Reverse Osmosis (RO) is a water purification technology that uses a semipermeable membrane to remove ions, molecules, and larger particles from drinking water. In reverse osmosis, an applied pressure is used to overcome osmotic pressure, a colligative property, that is driven by chemical potential differences in the solvent, a thermodynamic parameter. Reverse Osmosis can remove many types of dissolved and suspended species from water, including bacteria, and is used in both industrial processes and the production of potable water. The result is that the solute is retained on the pressurized side of the membrane and the pure solvent is allowed to pass to the other side. To be selective, this membrane should not allow large molecules or ions through the pores, but should allow smaller components of the solution to pass freely.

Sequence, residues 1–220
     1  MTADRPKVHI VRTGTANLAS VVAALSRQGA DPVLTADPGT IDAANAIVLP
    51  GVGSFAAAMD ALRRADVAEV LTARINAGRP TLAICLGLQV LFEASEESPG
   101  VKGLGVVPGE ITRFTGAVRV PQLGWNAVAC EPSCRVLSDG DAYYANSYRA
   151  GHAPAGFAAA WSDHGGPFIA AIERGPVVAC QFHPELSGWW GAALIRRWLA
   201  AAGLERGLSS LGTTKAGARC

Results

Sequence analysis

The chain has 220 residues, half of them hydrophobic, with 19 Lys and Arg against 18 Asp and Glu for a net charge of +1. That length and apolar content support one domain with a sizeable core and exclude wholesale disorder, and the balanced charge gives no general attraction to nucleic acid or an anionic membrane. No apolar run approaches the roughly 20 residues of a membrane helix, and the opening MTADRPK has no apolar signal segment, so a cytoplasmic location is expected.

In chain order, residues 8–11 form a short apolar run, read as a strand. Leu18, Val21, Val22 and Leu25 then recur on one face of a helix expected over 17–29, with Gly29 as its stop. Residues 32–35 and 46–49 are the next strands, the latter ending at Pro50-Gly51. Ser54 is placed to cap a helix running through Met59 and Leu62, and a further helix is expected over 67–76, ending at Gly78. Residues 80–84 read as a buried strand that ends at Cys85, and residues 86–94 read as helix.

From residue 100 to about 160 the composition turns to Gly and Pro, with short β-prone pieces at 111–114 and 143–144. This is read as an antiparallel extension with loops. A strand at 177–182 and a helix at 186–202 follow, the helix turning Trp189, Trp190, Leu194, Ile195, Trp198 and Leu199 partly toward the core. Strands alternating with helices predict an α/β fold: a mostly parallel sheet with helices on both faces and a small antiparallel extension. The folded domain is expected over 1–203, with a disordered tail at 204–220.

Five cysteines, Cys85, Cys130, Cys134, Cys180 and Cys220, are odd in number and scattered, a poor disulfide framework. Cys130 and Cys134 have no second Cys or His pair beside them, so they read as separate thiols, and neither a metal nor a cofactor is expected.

The normal osmosis process, the solvent naturally moves from an area of low solute concentration, through a membrane, to an area of high solute concentration. The driving force for the movement of the solvent is the reduction in the free energy of the system when the difference in solvent concentration on either side of the membrane is reduced, generating osmotic pressure due to the solvent moving into the more concentrated solution. Applying an external pressure to reverse the natural flow of pure solvent, thus, in reverse osmosis. The process is similar to other membrane technology applications. However, key differences are found between reverse osmosis and filtration. The predominant removal mechanism in membrane filtration is straining, or size exclusion, so the process can theoretically achieve perfect efficiency regardless of parameters such as the solutions pressure and concentration. RO also involves diffusion, making the process dependent on pressure, flow rate, and other conditions. RO is also known for its use in drinking water purification from sea water, removing the salt and other effluent materials from the water molecules.